Everything you need to know to keep up with the foodies—or hate on your foodie friends.
The food world is always hungry for something new, ain’t it? We quickly beeline for the latest cod-sperm dish, and just as easily spurn former interests with complete disgust (we don’t, in fact, need an egg on everything). 2014 marked the year of the Frankenstein food mashup, bringing to life monstrous creations like mac-and-cheese bread cones that became instant Instagram classics. So what’s in store for 2015? A French luxury item is making a comeback, while a new hybrid vegetable is sure to please throngs of Silverlake hipsters. To keep you abreast of what’s to come (or, depending how you look at it, what to avoid), we’ve pinpointed the burgeoning trends that will be dominating your IG feed in the year to come. Hypebeasts: Let’s dig in.
The situation: Mooks love glamorizing low-down comfort food like mac and cheese with a sprinkle of Italian luxury; it’s the easiest way to feign foodie cred. The velvety sea urchin and guacamole high-low combo gives these same people even more ammo to pretend they’re living the high life, while not straying too far from what they know.
The situation: What was worse than seeing roasted brussels sprouts at every restaurant? How about kale in every salad? Now farmers have combined forces to create the greatest evil of them all: kalette, a hybrid veggie featuring the leafy parts of kale and the stalk of sprouts. The only thing worse than a stalk of kale is ten mini ones.
The situation: America’s baristas are finally catering to the needs of Australians and their notoriously snobby coffee culture. Starbucks—not exactly the first port of call for coffee-obsessed antipodeans—is now offering the beloved “flat white,” which, depending on whom you ask, is milk poured over a ristretto shot, with a thin layer of microfoam on top. Others think it’s merely the same as an American cappuccino. We’ll see how the battle unfolds as the year progresses.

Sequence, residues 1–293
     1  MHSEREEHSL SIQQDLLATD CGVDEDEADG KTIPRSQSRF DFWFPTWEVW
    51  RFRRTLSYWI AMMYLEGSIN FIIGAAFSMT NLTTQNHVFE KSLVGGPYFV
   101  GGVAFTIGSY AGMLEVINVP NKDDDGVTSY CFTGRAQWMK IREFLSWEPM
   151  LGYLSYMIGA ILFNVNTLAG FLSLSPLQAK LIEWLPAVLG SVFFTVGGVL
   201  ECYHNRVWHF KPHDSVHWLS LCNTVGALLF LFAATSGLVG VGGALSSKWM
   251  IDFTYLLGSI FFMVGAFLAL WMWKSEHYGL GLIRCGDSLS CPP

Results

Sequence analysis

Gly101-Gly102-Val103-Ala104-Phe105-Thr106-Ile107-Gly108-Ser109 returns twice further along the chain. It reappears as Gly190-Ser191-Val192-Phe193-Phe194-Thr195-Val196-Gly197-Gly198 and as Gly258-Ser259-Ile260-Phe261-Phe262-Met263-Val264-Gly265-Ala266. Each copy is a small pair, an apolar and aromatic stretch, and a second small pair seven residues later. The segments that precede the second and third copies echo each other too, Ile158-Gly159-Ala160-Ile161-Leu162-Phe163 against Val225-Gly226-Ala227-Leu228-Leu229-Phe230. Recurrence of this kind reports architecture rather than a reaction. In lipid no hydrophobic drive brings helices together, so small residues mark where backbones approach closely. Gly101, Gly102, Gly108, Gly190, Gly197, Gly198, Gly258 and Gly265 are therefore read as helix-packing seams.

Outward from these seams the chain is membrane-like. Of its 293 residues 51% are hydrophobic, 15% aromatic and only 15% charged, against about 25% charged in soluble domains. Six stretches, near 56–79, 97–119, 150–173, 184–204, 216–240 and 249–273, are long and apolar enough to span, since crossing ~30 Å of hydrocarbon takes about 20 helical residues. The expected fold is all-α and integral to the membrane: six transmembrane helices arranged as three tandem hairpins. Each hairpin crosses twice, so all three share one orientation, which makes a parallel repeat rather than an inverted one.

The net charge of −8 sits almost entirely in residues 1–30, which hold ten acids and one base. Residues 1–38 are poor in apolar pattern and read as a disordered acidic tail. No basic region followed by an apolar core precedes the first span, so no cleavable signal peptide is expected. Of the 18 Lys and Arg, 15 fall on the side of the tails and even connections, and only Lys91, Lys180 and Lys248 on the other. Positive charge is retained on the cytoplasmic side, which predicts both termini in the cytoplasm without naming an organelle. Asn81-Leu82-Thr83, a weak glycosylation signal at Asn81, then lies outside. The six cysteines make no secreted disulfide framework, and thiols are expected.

The situation: You’ve experienced it countless times: an otherwise perfect meal, marred by shitty table service. Thanks to Zach Pollack of Alimento, a gratuity line for back-of-house staff has been added to checks. This will allow diners to reward those hardworking people busting their balls in the kitchen. It’s a forward thinking idea, and people are buying into it. We’re already anticipating 2016: Backlash of the Server.
The situation: Please, don’t call it a whiskey Negroni—the Boulevardier cocktail (American bourbon, sweet vermouth, and Campari) actually predates the Negroni. After reentering the scene via top-tier cocktail dens, the bitter, aromatic, bourbon-heavy classic is now reaching critical mass at bars across the country. Mark our word: a classic cocktail lounge called “The Boulevardier” is going to open in Prospect Heights or Carroll Gardens, like, tomorrow.
The situation: With everyone and their grandmother snapping photos of elaborate charcuterie spreads, there’s more reason than ever before to step up your Instagram game. The next logical step is to capture a moment with the real star of the show: the chef. Expect to see lots of forced smiles and awkward poses on your feed.
The situation: With the coveted duck/goose liver no longer banned in California, high-end kitchens have gleefully announced plans to serve it (legally) again, restoring its status as the go-to luxury item of haute cooking (nice knowing ya, truffle butter). The fight to legalize it was a long and hard one. Hell, one chef even received death threats. So when it comes to foie gras, one thing is certain: “Till death do us part.”
The situation: We’ve seen vegetables treated like proteins, especially when it comes to roasting an entire “meaty” cauliflower head. Offal and other odd meat parts became popular in restaurants, and the very same will happen with vegetables. According to LA Magazine, chefs like Michael Fiorelli are sautéing cauliflower leaves, the things typically thrown away or thought of as waste. Who knew that fennel and carrot tops would reach such great heights?
The situation: In a groundbreaking move, Pizza Hut is releasing a certified gluten-free pizza, making it the first major pizza chain to appeal to health nuts and uptight moms (and celiacs, of course). If the gambit is successful, watch out for frightening copycat creations from Taco Bell, Burger King, and the rest of the gang. Things could get ugly, real fast.
The situation: New York’s ramen guru David Chang announced the death of ramen. Soba and udon already made the rounds, so what noodle creations can we expect next from chefs? Eater critic Robert Sietsema tells us he thinks a return to the ramen’s origins, lo mein, will set the stage for 2015. “Chinese will become the new Japanese.”
Courtesy: First We Feast